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A web project I'm currently writing has awful text rendering in Chrome 15.0 on Windows and below, despite text rendering perfectly on all other modern web browsers on both Mac/PC.

Internet Explorer 9:

enter image description here

Chrome 14.0:

enter image description here

The web page is encoded in UTF-8. The font used is Helvetica/Arial/sans-serif. Any suggestions?

PS - wheree isn't a typo.

Update: I've created a test page highlighting the problem, text renders fine in all browsers except Google Chrome on Windows. It's valid HTML/CSS according to the W3C validator.

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migrated from Dec 14 '11 at 5:16

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How strange. Could we have a look at your HTML and CSS? (Possibly on – Paul D. Waite Dec 13 '11 at 14:10
This is pretty difficult to analyse without access to the source. – Mankarse Dec 13 '11 at 14:10
@ErnestFriedman-Hill: “it's a Chrome-on-Windows installation issue” — huh, really? – Paul D. Waite Dec 13 '11 at 14:10
@PaulD.Waite -- yep, I've seen machines where Chrome renders all pages like this; nothing to do with the specific site. Might be a settings thing, I'm not sure; it's obviously nonoptimal if the default settings don't work. – Ernest Friedman-Hill Dec 13 '11 at 14:13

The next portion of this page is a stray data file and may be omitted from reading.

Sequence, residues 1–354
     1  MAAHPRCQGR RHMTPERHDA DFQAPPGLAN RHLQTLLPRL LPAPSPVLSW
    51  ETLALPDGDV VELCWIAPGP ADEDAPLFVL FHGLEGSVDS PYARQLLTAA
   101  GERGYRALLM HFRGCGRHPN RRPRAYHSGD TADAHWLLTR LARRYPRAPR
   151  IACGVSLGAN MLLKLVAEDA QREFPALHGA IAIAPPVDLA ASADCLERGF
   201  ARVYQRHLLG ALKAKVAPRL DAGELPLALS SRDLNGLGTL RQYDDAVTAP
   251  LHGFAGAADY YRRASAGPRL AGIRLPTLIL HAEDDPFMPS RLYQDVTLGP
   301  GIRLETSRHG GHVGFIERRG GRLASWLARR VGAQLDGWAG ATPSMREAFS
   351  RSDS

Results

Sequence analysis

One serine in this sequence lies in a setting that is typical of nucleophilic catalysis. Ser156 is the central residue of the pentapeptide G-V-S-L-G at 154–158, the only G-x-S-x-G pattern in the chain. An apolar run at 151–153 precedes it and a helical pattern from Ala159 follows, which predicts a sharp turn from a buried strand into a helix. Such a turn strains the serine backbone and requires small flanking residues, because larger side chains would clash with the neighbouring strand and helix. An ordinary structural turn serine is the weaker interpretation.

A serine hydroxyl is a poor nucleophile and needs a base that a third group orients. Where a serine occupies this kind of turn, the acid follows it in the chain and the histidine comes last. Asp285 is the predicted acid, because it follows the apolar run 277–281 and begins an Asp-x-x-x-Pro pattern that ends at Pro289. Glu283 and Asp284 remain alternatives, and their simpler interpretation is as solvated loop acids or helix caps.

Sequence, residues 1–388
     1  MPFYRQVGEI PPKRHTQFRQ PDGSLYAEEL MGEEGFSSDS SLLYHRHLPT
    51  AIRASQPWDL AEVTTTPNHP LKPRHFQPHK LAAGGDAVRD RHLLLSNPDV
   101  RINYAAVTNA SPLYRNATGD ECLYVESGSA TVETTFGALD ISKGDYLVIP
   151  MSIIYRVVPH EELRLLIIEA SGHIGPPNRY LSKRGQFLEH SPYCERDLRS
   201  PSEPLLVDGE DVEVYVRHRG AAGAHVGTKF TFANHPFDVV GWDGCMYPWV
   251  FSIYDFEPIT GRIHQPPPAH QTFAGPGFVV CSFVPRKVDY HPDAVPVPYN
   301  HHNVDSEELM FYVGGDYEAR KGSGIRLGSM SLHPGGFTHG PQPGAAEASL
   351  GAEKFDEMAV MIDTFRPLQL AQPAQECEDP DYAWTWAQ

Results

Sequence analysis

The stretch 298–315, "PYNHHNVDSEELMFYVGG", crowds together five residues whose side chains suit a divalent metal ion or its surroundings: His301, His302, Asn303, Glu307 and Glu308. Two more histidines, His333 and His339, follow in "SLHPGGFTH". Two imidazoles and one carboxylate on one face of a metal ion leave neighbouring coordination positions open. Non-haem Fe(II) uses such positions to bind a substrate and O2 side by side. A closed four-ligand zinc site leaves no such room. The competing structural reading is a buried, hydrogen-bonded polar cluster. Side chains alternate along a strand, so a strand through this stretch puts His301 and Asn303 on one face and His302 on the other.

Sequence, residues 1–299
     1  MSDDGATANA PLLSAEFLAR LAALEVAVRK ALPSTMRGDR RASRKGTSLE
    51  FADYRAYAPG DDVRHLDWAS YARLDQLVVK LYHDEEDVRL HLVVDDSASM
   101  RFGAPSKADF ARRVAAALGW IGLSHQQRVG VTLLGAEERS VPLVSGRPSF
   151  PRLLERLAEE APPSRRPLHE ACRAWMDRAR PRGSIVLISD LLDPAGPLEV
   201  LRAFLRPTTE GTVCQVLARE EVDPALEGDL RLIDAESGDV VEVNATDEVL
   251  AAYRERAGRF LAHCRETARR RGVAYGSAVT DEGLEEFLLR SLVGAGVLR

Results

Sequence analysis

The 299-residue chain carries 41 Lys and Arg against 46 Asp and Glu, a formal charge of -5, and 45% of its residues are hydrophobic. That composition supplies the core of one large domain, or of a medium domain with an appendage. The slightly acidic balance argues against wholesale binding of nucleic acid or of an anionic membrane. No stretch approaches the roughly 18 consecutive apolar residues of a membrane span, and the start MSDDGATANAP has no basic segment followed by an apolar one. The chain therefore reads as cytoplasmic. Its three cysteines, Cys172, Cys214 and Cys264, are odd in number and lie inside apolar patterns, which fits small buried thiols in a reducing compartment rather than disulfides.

@ErnestFriedman-Hill: crikey, you’d think we could figure out decent basic default font rendering in browsers by now. Good spot. – Paul D. Waite Dec 13 '11 at 14:16
up vote 4 down vote accepted

This was a problem worthy of StackOverflow after all. CSS Solution:

-webkit-font-smoothing: antialiased;
-moz-font-smoothing: antialiased;
font-smoothing: antialiased;
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This doesn't work for me :S – miguelSantirso Dec 29 '13 at 19:02

This sounds like it could be related to either ClearType or GPU rendering.

Here is a helpful article on how to fix font rendering issues.

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Yes it's clearly something to do with anti-aliasing, or the lack of it, but it happens on all Windows PC's running Chrome I've seen? It's almost as if Chrome disables ClearType by default? The screen shot is taken from browser lab. I'm looking for a scripting based fix, rather user-end solution. – Ryan Brodie Dec 13 '11 at 15:20

I always fix this problem by adding the following line to my CSS:

/* the line below is a hack to get Chrome to render fonts decently on Windows */
body { -webkit-text-stroke-width: 0.5px; }

Obviously not ideal but it produces pretty good results, should serve until Google finally decides to fix the problem for real.

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